Really? That'd be dope, thanks so much! I'll PM you over the weekend probably, since I'd actually love to watch that movie this weekend.

Plague Cutler

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#96: Moon

While I do love movies like Alien and 2001, they lack a certain plausibility-- a quality that Duncan Jones’ first major film, Moon, has in spades. Touching, mysterious, and featuring strong undercurrents of social commentary, this movie about the only man on the moon might just go down in history as a modern sci-fi classic. The ever-watchable Sam Rockwell stars (but I won’t give away too much about the details of his performance, for fear of spoilers), and Kevin Spacey voices his robotic assistant. Although Jones’ other good film (fuck you, Warcraft), Source Code, does not appear on this list, I heartily recommend it as well.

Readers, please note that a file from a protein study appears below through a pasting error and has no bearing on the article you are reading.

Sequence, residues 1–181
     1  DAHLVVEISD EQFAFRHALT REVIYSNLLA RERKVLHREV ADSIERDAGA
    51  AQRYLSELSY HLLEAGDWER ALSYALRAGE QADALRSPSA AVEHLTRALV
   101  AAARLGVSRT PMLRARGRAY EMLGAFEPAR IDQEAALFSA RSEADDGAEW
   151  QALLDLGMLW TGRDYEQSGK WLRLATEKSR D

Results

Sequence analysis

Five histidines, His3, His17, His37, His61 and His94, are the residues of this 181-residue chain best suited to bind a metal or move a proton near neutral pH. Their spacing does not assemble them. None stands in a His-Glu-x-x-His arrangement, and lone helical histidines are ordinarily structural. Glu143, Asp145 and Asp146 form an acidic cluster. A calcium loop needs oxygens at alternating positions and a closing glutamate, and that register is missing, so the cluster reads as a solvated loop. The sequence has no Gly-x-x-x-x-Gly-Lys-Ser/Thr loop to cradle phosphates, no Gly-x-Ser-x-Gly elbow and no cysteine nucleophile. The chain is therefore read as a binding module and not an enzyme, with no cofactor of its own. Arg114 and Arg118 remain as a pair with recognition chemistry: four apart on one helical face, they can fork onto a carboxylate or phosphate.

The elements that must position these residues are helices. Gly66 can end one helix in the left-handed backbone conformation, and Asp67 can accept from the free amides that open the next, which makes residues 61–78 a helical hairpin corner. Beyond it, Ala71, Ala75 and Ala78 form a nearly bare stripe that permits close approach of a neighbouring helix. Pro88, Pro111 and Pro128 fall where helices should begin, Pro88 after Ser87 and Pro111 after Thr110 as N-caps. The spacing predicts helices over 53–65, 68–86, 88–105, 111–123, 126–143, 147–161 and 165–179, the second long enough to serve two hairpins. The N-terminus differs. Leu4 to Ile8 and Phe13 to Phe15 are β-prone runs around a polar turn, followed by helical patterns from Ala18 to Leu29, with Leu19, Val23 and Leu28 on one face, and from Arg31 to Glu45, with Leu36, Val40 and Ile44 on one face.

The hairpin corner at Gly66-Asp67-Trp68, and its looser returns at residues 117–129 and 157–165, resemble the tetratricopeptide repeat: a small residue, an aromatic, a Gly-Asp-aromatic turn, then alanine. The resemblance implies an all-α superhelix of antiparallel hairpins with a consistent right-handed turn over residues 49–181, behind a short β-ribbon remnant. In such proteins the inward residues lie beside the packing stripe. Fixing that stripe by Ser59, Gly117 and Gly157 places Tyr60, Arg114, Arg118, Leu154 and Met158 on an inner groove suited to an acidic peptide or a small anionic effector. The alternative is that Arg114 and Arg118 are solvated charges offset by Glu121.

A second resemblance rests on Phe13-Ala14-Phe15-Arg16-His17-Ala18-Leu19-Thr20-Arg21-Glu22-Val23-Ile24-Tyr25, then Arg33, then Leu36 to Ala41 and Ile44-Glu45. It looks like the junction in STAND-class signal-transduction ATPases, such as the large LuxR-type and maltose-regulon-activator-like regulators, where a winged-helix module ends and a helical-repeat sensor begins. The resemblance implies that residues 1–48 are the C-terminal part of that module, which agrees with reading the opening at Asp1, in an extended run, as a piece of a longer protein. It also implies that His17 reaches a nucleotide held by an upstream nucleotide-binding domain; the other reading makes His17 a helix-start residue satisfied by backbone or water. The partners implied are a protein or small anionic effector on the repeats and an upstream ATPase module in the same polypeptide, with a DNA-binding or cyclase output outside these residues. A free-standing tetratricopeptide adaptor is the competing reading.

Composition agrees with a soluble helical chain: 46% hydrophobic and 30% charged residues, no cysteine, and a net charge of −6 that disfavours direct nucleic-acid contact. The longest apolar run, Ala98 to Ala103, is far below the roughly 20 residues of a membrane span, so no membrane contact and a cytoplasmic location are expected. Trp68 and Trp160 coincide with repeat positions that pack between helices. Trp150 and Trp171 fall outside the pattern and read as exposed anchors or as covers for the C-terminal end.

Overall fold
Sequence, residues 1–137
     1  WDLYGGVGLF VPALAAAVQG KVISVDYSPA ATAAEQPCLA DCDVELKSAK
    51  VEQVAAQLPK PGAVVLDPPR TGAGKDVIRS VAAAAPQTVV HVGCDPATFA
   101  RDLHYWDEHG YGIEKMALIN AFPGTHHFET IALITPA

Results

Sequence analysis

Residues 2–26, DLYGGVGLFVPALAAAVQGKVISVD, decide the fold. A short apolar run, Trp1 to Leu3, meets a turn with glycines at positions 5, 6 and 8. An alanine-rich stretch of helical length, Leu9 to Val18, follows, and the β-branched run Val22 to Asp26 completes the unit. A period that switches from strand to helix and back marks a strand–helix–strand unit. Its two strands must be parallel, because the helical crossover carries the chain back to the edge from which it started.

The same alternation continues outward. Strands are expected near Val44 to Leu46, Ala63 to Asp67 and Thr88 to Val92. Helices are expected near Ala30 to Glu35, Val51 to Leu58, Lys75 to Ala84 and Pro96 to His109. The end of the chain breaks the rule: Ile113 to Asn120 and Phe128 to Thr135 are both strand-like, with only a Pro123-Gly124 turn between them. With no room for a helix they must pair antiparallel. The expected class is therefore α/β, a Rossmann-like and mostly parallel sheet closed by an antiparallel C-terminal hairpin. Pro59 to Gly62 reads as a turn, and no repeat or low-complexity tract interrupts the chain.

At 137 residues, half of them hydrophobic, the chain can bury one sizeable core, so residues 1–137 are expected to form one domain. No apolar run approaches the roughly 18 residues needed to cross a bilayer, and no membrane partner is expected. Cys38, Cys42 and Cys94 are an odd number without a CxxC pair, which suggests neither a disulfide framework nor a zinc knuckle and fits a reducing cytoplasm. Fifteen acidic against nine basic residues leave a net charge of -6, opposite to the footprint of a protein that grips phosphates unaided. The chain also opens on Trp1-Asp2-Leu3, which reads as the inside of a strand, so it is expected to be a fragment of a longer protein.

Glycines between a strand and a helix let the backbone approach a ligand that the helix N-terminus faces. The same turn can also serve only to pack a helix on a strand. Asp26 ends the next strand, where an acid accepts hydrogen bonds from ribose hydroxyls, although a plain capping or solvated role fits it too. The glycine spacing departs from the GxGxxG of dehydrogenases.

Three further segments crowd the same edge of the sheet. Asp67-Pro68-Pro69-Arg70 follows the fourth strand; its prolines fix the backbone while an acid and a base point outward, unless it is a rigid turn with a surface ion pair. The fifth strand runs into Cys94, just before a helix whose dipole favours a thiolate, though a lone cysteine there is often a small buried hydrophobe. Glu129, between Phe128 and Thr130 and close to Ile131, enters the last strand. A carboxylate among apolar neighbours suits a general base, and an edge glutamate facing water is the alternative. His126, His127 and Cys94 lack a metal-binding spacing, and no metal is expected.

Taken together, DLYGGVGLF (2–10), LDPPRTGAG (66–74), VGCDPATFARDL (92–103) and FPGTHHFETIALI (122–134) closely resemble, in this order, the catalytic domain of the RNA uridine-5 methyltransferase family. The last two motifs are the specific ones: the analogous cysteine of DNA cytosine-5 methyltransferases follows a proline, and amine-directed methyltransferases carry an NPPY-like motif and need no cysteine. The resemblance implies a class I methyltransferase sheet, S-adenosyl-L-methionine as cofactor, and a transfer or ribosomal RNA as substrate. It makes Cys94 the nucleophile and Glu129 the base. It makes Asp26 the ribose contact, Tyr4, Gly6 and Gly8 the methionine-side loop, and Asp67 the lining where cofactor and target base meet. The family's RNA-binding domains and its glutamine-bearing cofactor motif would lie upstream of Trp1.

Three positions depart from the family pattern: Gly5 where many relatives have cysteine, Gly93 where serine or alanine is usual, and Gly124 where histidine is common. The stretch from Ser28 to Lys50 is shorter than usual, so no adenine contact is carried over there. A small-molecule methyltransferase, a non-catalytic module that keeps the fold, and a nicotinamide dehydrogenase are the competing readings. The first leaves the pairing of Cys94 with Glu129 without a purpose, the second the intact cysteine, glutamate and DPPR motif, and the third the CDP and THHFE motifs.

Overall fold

Before his bastardization at the hands of the Hollywood blockbuster machine, Zowie Bowie was one of the most promising indie sci-fi filmmakers in the world.
I've really wanted to see this for a while but haven't been able to procure a copy for myself. Sadly, in my first month or two with the group I actually got a digi of the film from Treet but couldn't get it to work and was too embarrassed to ask for help/admit that I might've wasted the copy with my incompetence.

Perhaps if you had eaten some fish, your brain would be able to process such a simple task of redeeming a digi.
Idk if it was me honestly, I used another one that Tanny (I think it was Tanny anyways) gave me and it worked just fine.